Over the past several years, we’ve seen several device manufacturers and software makers jump into the smart TV market. Everyone from Samsung to Sony to LG to Google and Yahoo have built out some sort of smart TV device or operating system. But to date, so-called smart TVs haven’t actually been very smart: Control and navigation for thousands of apps and hundreds of pieces of content continues to be a challenge. And the market is totally fragmented, so apps only ever work for one operating system or manufacturer.
But what if there were a way for users to view, navigate, and control apps from their mobile phones or tablets, obviating the need for clunky remote controls? What if there were a way for them to play games with their friends and family on connected TVs, even if they bought them from different manufacturers? What if users could connect to friends on different second-screen applications, even if they were using different operating systems? Even better, what if developers could create a multiscreen, multiplatform app once, and have it work across multiple TV manufacturers and mobile and tablet operating systems?
That’s what Kontrol.tv seeks to do.
Kontrol.tv is the next product from MOVL, a startup that has been working on dual-screen mobile and TV applications over the last few years. MOVL’s first app was called WeDraw, and was built to connect mobile devices to Samsung TVs — essentially enabling users to draw on their phones and have the images instantly pop up onscreen. But it’s been building an ecosystem of device partnerships over the last several years that could make it easy for developers to quickly and easily build multiscreen apps that work across tens of millions of devices.
Kontrol.tv has built a number of APIs that simplify the process of reaching users regardless of TV manufacturer and mobile device. There are APIs for connecting various TVs to each other in the cloud, a direct-connect API for streaming media from a mobile device to the TV, and several others for managing users in various apps and rooms. The idea is that you build apps for Kontol.tv, and it’ll handle all of the connections across devices.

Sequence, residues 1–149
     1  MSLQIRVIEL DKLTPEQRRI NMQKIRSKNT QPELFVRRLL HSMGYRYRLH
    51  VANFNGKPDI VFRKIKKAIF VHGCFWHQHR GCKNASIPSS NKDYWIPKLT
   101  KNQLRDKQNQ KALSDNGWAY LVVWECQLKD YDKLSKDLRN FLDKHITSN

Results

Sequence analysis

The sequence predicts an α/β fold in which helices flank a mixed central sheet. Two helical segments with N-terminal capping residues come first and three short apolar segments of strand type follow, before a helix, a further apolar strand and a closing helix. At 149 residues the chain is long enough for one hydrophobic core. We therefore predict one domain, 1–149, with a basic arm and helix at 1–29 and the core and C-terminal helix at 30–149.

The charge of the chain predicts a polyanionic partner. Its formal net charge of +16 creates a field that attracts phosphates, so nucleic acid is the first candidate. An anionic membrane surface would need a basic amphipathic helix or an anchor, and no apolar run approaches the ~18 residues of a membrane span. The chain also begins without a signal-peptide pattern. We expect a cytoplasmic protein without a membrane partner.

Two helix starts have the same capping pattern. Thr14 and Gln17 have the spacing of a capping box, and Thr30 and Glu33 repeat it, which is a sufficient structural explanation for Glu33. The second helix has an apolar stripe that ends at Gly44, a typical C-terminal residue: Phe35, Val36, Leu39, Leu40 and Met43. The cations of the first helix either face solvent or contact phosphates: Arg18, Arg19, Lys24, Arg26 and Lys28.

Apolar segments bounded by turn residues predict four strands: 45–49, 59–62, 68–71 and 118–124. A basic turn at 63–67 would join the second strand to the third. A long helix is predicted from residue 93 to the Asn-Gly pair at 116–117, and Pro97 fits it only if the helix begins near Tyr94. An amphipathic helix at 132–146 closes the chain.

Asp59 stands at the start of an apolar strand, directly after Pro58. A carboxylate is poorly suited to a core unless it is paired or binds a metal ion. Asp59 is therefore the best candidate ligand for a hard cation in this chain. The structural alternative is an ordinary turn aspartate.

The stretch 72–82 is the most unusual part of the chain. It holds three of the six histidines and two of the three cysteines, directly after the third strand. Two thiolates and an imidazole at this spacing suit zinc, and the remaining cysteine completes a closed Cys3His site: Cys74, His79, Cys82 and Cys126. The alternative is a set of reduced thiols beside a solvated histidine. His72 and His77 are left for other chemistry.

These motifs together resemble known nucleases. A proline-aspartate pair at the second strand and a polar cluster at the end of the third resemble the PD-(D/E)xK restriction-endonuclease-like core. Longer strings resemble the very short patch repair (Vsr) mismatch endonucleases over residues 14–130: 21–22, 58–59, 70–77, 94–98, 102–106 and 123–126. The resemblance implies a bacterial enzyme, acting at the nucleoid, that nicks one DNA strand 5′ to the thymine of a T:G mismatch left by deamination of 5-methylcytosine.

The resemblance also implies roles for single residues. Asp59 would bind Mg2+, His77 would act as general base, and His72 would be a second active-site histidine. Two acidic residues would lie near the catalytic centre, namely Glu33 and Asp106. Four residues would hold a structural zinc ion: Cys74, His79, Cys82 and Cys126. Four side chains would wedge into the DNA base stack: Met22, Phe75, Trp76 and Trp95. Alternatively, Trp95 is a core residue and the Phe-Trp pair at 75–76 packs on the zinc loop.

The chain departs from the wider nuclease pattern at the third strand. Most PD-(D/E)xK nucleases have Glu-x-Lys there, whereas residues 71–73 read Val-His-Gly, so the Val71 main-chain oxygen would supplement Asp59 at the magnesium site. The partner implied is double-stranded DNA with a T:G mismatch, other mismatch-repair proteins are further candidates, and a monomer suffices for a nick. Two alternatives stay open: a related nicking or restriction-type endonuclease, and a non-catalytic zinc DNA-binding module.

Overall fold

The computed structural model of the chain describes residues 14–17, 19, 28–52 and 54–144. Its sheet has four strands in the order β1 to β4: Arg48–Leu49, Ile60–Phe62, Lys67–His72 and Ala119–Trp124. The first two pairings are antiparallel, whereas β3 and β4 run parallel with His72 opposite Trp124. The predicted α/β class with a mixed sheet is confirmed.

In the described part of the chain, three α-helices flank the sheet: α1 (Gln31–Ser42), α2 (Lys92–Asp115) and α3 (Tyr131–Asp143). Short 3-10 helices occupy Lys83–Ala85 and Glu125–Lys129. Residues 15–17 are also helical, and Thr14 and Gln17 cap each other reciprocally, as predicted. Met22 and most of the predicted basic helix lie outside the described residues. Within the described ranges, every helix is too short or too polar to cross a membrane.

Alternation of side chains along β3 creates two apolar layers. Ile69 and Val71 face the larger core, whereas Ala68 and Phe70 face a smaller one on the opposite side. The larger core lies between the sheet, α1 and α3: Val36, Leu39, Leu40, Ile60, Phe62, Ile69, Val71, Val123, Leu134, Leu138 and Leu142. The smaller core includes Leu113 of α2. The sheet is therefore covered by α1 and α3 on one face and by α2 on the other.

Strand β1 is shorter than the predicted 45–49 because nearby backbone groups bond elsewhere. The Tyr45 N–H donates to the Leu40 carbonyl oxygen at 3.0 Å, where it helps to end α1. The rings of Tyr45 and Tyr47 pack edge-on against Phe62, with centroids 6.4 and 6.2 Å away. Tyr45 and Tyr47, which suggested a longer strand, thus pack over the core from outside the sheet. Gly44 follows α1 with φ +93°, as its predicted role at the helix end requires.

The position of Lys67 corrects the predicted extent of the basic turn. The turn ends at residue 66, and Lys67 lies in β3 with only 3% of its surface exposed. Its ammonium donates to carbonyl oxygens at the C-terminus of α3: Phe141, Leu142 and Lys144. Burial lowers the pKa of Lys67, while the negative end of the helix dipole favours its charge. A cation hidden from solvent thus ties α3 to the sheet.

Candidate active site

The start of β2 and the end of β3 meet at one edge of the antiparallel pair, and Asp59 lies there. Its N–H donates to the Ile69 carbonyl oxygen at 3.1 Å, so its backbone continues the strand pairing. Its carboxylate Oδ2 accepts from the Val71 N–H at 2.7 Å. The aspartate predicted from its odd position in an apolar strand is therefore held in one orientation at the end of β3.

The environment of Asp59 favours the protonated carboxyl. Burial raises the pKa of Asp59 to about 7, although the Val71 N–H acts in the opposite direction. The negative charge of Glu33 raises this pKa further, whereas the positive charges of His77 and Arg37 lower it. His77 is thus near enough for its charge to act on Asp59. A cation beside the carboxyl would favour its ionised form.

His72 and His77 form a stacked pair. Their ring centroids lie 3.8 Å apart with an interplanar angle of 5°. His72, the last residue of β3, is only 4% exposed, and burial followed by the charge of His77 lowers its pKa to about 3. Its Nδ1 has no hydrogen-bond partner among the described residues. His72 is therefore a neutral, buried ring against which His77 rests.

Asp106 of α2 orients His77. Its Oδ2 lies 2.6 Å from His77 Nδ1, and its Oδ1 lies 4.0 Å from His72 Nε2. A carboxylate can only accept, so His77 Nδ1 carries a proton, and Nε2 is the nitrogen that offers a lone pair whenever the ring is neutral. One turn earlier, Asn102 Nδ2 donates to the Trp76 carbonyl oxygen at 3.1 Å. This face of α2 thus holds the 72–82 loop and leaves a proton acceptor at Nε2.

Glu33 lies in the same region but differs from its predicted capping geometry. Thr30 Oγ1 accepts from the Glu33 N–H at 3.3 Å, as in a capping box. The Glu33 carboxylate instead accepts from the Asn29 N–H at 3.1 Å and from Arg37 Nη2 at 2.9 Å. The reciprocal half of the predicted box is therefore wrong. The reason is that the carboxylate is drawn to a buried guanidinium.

From a user standpoint, you just need a TV or connected device that supports Kontrol.tv — and there are a growing number of them out there. Kontrol.tv is featured on Google TV and Samsung connected TV devices, and will soon be supported by LG, Toshiba, Sony, Phillips, Sharp, and other manufacturers. (If you don’t have any of those devices, you can test it out on your computer here.)
Users download the mobile app, now available on the Apple App Store and Google Play stores, and they’ll have access to interactive, dual-screen devices. The mobile and TV apps will automatically sync if they’re connected to the same Wi-Fi network. If not, users can enter a code on the mobile device to get them synced up.
Once that’s done, users will have access to multiple dual-screen apps. That includes stuff like WeDraw and SwipeIt — which lets you swipe pictures on your mobile phone to be viewed on your TV. But there are others as well: Like being able to play a game of poker where the common cards are displayed on the TV, but users control their own cards and chips from the mobile device. Or an app for queueing up karaoke videos on the TV.
The whole thing sounds amazing — if it works. But, as usual, there’s are some roadblocks to sort through. The most obvious one is Apple’s resistance to the idea of app stores within apps that are available on its devices. And since the Kontrol.tv app basically lets you choose between apps that have been developed for the platform, which then launch on connected devices, that could become an issue.
More importantly, though, there’s the user acquisition and user education problem. Once someone finds out about Kontol.tv, they’re likely to want to use it, whether it be to interact with other people around the world, or play games in their own homes. But there’s that part about getting them to use it first, before they start coming back. For now, MOVL is just focused on getting Kontrol.tv on as many devices as possible, and we expect to see a lot more in the coming months.
The startup has raised a small amount of seed funding, including some from investor Mark Cuban. But it’s working to get other investors, both institutional and strategic, on board for a Series A round.